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As students head back to school this year school administrators are once again embroiled school dress code fiascos. From shorts that are way too short to pierced lips, today’s administrators are never far away from the latest fashion trend. It stands to reason that the most reasonable fashion choice for any student is the good ol’ t-shirt. Today’s public school students rely often rely on t-shirts as a staple of a modern, yet comfortable wardrobe choice.
A case handed down this past spring by the 4th Circuit US Court of Appeals could certainly be filed away in your First Amendment playbook as a typical dress code incident where reasonable school policies prevailed over an unreasonably dressed teenager, but a closer look at this case reveals just how time consuming even the simplest wardrobe infraction can become.
Candice Hardwick should indeed go down in the books as a student who was not only willing to challenge a school dress code policy, but one, who along with her parents, was relentless in doing so for four complete academic years. Hardwick, a middle school and high school student during the incidents that spawned the litigation, wore not one or two troublesome t-shirts, but ended up with a stockpile of at least fourteen controversial t-shirts. Most of the t-shirts bore the Confederate flag in some form and pursuant to past dress code judicial rulings favorable to school administrators in school districts where racial discord maintains a presence, these t-shirts were unacceptable for this public school setting. A portion of the shirts were protest shirts focused on the school administration. The dress code itself was standard fare for most schools and attempts by the parents to convince the school board to revise the dress code policy were unsuccessful.
A federal district judge in Indiana has ruled that school administrators may prohibit “I ♥ Boobies” breast-cancer awareness bracelets as lewd or vulgar student speech.
Judge Joseph S. Van Bokkelen of Hammond, Ind., considered and rejected the reasoning of the full federal appeals court in Philadelphia, which ruled earlier this month that the bracelets could not be barred because they comment on a social issue and are not “plainly lewd.”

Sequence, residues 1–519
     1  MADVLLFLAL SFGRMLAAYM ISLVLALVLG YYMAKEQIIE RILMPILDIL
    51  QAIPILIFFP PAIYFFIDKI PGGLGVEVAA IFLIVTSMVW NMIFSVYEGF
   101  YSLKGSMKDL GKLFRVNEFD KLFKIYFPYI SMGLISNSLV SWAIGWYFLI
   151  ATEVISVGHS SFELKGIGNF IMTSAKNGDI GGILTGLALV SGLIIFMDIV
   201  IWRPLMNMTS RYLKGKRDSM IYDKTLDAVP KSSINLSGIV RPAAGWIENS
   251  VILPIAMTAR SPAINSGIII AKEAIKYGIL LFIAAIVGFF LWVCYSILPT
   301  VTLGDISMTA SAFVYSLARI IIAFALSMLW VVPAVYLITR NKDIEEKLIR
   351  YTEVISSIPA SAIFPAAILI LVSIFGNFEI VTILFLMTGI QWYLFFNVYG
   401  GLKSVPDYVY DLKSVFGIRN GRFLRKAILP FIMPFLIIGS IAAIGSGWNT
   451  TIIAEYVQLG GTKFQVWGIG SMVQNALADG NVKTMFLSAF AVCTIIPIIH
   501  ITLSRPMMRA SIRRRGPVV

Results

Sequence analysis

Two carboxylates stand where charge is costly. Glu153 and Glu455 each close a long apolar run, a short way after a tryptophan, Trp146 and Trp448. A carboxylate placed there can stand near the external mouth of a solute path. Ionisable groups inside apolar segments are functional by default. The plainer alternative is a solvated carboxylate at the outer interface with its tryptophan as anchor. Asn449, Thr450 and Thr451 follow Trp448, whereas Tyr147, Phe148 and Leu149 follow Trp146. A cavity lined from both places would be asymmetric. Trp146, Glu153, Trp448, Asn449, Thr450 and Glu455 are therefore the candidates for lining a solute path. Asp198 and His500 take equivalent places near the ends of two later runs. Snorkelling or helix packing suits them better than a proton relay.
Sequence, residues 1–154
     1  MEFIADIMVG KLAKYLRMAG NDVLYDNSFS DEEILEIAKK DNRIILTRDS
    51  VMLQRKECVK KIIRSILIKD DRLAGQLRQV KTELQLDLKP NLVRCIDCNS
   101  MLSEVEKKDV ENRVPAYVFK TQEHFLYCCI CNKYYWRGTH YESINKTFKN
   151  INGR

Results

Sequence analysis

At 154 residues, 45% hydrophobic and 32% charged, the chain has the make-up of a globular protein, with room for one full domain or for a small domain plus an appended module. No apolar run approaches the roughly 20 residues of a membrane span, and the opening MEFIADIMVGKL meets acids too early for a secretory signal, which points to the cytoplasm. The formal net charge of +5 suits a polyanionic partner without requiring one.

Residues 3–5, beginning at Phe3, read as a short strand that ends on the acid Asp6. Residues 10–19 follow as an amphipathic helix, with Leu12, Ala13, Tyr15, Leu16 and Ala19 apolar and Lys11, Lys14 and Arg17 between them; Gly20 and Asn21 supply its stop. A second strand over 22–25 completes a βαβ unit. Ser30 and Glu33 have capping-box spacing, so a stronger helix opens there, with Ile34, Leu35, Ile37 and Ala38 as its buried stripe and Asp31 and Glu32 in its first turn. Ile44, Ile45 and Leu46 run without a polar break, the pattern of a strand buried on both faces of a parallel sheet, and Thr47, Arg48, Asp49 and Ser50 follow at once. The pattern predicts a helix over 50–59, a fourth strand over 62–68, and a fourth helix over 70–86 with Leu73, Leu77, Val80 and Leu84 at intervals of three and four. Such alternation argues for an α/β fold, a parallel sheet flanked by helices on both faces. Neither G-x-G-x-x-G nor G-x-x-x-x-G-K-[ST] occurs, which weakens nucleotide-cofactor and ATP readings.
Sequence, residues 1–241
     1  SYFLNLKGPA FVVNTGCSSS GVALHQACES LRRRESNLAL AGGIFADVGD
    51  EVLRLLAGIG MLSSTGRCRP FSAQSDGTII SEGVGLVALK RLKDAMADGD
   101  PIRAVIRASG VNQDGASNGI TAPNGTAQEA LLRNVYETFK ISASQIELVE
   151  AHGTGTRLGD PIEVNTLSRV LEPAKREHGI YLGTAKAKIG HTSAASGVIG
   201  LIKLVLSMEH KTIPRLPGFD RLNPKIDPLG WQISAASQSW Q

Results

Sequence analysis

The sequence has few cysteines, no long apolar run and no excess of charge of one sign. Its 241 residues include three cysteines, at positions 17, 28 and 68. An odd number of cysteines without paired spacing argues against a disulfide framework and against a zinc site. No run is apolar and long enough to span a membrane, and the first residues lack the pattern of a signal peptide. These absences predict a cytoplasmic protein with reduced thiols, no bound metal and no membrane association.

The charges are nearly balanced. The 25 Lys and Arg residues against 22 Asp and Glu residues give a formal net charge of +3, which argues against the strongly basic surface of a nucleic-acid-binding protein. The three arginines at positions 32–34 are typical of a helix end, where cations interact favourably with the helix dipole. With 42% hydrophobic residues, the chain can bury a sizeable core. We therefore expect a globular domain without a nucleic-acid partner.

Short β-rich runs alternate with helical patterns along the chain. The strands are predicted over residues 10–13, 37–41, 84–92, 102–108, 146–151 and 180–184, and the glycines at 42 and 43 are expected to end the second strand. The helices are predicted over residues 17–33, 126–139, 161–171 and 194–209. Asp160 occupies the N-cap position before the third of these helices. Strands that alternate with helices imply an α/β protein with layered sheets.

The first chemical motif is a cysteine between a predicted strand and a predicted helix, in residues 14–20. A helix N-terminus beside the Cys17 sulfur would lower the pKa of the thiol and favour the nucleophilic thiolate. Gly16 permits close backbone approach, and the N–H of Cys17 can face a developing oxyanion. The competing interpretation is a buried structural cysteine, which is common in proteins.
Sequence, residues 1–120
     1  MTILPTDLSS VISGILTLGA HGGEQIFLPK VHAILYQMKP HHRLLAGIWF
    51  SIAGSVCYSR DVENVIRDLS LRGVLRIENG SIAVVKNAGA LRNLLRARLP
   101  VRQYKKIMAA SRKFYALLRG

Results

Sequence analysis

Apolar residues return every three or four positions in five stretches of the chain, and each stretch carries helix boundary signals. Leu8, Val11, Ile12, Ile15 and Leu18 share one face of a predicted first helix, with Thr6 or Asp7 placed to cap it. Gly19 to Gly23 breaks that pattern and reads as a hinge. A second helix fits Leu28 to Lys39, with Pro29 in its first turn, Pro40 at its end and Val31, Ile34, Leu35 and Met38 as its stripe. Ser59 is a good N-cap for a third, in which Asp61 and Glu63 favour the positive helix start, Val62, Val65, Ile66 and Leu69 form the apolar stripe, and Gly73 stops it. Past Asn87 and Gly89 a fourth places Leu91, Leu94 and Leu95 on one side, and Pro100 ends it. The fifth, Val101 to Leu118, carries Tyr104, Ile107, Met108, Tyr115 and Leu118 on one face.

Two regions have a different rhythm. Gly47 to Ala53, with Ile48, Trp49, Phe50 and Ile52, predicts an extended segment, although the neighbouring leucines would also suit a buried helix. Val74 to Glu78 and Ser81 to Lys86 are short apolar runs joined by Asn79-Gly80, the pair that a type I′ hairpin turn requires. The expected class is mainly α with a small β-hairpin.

“Clearly, the breast cancer awareness message does not eliminate the vulgar meaning behind ‘I ♥ Boobies’,” Van Bokkelen said in his Aug. 20 opinion in J.A. v. Fort Wayne Community Schools.
The Fort Wayne school district barred the bracelets, which are produced by the Keep A Breast Foundation of Carlsbad, Calif., after a male high school student in 2010 was wearing one when he harassed a female student by repeating the phrase “I love boobies” around her. District officials, which had also confiscated a bracelet that said, “Save the boobs,” concluded that such messages were offensive to women and inappropriate for school regardless of their breast cancer awareness theme.
The ban was challenged on First Amendment grounds by a female student identified as K.A., who is entering her senior year at North Side High School in Fort Wayne.
The bracelets have caused controversy in several schools around the country. In an Aug. 5 decision in B.H. v. Easton Area School District, the full U.S. Court of Appeals for the 3rd Circuit held that the bracelets could not be categorically barred as lewd under U.S. Supreme Court precedents on student speech.